Association between periodontal diseases and systemic illnesses: a survey among internal medicine residents in Nigeria.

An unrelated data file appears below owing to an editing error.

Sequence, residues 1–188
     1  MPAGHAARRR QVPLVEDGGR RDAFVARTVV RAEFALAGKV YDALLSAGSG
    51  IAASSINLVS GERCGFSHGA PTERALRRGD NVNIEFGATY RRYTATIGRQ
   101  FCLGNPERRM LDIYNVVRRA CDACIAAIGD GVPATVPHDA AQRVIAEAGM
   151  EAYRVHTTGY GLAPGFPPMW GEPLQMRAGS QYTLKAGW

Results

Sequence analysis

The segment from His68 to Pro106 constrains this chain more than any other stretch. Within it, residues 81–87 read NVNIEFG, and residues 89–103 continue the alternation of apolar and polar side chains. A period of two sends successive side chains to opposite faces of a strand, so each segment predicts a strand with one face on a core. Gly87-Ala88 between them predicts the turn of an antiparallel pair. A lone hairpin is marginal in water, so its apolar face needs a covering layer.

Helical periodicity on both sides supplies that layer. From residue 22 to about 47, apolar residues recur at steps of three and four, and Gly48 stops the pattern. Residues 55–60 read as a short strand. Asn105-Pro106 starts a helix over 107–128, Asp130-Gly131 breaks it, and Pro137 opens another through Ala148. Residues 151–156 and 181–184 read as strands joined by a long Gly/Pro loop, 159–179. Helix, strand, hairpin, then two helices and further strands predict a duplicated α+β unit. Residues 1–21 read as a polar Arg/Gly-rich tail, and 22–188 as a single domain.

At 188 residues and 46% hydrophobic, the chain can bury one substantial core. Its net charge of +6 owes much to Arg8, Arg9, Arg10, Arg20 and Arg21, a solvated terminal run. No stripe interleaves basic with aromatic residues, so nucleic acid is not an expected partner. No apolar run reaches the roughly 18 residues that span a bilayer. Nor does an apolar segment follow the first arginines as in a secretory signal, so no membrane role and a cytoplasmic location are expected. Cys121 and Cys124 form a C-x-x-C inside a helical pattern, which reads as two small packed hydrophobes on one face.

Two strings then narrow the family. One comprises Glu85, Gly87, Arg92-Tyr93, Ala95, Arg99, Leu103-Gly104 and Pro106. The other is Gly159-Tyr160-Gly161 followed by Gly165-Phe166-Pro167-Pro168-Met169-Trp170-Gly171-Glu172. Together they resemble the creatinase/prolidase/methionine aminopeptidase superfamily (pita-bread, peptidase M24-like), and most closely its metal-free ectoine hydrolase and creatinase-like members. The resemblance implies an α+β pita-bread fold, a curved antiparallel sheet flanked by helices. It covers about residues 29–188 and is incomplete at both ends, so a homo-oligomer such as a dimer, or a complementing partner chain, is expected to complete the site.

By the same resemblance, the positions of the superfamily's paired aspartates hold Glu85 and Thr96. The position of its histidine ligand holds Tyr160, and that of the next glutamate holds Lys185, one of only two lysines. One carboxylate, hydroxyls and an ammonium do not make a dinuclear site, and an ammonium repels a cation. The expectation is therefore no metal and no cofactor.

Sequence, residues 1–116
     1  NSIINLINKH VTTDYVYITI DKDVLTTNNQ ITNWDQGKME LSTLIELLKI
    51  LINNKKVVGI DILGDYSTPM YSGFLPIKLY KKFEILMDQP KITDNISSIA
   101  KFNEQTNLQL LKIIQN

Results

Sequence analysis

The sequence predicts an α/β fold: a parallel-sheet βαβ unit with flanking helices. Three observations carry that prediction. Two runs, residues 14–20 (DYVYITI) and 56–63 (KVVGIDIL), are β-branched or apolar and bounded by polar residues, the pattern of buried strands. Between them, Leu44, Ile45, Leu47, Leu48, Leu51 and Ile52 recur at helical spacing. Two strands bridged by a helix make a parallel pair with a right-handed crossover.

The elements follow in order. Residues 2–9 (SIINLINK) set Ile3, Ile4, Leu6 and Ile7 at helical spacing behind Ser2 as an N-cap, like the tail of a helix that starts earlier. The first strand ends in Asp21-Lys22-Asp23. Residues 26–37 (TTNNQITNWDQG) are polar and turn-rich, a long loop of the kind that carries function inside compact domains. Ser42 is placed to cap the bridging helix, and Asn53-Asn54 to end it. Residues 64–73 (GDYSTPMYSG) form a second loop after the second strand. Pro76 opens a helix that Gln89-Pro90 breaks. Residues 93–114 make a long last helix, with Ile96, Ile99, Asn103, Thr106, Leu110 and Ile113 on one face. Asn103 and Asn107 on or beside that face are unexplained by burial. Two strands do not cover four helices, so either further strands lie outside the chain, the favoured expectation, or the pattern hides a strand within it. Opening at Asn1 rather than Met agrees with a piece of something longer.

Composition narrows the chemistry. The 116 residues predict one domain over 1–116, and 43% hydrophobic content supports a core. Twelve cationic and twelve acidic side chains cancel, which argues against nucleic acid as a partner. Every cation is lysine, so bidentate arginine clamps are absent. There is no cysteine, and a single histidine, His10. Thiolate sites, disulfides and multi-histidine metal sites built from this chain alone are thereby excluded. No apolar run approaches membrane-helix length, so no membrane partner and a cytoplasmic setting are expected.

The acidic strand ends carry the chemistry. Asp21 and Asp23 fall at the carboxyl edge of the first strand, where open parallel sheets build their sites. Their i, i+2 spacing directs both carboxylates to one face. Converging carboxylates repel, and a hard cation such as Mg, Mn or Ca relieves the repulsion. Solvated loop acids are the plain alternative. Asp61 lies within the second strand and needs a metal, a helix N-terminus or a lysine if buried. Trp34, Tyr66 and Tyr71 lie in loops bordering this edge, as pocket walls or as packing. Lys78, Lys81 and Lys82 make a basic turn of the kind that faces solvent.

OBJECTIVE: To assess internal medicine residents' knowledge of associations between periodontal disease and systemic illnesses, and attitudes toward patients' periodontal health. METHODS: A cross-sectional survey using a self-administered questionnaire was conducted among internal medicine residents attending the Faculty of Internal Medicine 2014 Update Course organized by the National Postgraduate Medical College of Nigeria. Participants came from all over the country. Data on respondents' demographic characteristics, periodontal disease knowledge, knowledge of associations between periodontal disease and systemic illnesses, and attitudes toward patients' periodontal health were collected. Data were analyzed using Epi INFO software. The Pearson chi square test was used to measure significant association between categorical variables such as the knowledge of periodontal disease and gender, age group and designation of the participants (p ⩽ 0.05). RESULTS: Of 150 questionnaires distributed, 123 were returned (82% response rate); 109 questionnaires were completed properly and included in the analysis. The most common source of residents' information on oral health was television (59.4%). Only 11.2% of respondents were aware that gingival bleeding was the earliest sign of periodontal disease. Respondents correctly identified periodontal disease as a risk factor for coronary heart disease (45.9%), stroke (43.5%), hospital-acquired pneumonia (53.2%), diabetes mellitus (13.8%), and preterm birth (11%). Increased age (p = 0.032) and male gender (p = 0.022) were associated significantly with knowledge of periodontal disease as a risk factor for stroke. Higher designation (p = 0.002) and longer duration in residency training (p = 0.004) were associated significantly with knowledge of periodontal disease as risk factor for peripheral arterial disease. The majority (90.9%) of respondents had positive attitudes toward the referral of their patients for regular periodontal care. CONCLUSIONS: Knowledge of periodontal disease as a risk factor for systemic illnesses among medical residents in Nigeria is inadequate. These relationships should be emphasized in continuing medical education courses.